E. Hidur on Chanukah

This hidur is one of the special halachot of Chanukah. In truth, the whole of idea of mehadrin and mehadrin min hamehadrin is unique. Although we commonly find a distinction between kosher and mehudar, we don't find anywhere to take two etrogim, for the sake of hidur. Similarly, we do not given two gittin unless there is a great need. Thus, the Mechaber says that he can't intend not to be exempt -- we find hidur to light more candles, not to light unnecessarily. According to the Rama, though, extra lighting is also a kind of hidur.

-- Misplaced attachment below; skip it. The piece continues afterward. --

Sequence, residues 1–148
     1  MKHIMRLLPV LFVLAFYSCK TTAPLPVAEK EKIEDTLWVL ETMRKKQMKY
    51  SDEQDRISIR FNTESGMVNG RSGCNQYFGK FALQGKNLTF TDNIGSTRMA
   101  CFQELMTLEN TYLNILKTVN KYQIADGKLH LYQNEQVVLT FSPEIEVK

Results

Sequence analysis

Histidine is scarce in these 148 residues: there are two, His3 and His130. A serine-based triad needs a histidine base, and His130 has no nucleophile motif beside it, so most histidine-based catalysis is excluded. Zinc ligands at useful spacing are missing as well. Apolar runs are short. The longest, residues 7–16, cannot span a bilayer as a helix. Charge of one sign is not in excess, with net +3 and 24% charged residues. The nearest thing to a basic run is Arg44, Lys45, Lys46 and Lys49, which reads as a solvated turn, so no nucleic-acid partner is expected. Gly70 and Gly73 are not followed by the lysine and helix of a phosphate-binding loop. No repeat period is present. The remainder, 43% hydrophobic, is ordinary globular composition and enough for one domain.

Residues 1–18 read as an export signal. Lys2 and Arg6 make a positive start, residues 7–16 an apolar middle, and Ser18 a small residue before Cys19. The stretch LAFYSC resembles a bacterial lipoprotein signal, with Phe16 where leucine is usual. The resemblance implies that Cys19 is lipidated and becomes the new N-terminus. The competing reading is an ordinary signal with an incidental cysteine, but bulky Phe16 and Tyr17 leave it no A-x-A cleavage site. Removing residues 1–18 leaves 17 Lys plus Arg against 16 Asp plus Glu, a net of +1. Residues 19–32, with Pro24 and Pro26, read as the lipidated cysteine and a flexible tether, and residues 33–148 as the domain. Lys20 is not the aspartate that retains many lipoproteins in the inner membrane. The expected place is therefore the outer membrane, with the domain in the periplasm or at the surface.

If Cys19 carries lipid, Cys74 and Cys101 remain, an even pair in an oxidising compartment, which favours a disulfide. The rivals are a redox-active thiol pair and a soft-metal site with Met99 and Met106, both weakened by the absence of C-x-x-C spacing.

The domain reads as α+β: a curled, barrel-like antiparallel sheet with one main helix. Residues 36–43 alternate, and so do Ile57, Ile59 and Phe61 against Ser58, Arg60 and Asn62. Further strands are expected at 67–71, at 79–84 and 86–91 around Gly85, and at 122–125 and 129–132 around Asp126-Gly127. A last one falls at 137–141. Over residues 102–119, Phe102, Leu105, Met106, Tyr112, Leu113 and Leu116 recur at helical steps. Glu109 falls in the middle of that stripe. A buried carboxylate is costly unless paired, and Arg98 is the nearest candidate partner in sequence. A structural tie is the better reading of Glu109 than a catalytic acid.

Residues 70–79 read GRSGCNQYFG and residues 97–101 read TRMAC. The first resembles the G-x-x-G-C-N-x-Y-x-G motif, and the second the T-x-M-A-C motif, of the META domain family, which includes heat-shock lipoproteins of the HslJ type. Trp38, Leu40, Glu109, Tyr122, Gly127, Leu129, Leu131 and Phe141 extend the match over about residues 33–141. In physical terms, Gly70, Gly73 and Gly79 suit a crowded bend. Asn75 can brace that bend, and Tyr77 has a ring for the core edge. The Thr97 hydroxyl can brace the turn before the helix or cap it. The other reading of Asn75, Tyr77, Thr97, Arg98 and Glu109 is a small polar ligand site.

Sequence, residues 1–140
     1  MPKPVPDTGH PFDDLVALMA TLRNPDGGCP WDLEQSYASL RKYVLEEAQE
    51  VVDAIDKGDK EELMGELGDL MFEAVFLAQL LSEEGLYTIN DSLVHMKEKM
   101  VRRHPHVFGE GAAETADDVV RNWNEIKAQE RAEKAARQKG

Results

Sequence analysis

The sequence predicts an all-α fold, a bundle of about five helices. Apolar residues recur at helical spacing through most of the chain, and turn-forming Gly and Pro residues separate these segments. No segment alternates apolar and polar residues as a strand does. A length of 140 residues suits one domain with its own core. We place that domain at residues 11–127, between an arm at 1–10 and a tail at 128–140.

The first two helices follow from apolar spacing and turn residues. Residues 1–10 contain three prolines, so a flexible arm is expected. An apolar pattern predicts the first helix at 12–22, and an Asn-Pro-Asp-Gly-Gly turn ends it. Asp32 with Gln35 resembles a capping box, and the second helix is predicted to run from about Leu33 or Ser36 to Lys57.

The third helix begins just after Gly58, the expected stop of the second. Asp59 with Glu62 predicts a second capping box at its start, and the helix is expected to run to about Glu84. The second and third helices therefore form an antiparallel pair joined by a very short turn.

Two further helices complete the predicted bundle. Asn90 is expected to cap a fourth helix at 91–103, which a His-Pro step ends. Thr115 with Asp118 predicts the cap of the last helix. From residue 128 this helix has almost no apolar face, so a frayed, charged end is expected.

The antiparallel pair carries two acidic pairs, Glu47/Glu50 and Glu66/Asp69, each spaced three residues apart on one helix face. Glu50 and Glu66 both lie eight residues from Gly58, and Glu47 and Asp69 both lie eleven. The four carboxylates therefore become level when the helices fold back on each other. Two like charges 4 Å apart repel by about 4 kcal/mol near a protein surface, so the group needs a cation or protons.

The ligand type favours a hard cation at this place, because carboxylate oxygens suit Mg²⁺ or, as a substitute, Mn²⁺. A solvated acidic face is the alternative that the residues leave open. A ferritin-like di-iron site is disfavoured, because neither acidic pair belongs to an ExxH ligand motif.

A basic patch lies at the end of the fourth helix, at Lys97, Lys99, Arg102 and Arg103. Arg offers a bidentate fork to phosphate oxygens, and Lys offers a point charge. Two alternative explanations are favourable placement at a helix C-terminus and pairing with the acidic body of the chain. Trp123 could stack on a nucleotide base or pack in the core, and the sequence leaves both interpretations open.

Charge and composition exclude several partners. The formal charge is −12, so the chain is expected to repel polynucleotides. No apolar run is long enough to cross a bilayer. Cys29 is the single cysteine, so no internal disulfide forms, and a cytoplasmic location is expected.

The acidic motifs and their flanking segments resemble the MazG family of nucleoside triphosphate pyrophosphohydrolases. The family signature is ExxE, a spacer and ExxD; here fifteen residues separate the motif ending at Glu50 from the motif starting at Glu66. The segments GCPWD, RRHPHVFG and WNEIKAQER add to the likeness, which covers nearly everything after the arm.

Incidentally, note that for the small amount of miracle oil -- a couple of gallons -- tons have been lit over the course of generations. Yet, we find the story of R. Chanina b. Dosa whose family lit with vinegar, instead of oil, and it burned until Motzei Shabbat? Do we commemorate this miracle? Similarly, Elisha performed a miracle for the wife of the prophet Ovadiah, which involved much more oil! Do we institute a holiday over this? The idea is, if there is a lack simply in gashmiut -- someone is missing oil for light, or for sustenance -- there is no need to commemorate the miracle. In "Machzik Bracha," the Chida dealt with a real case of two partners who sold oil. Each took one barrel to sell, and they shared profit. A "miracle" occurred to one of them, and his barrel refilled. His partner wanted half. He responded that if G-d wanted you to profit -- the miracle would have been in your barrel! The Chida ruled that they should split the "miraculous" oil, since it was not really a miracle, but rather the little bit of oil that was at the bottom of the barrel increased.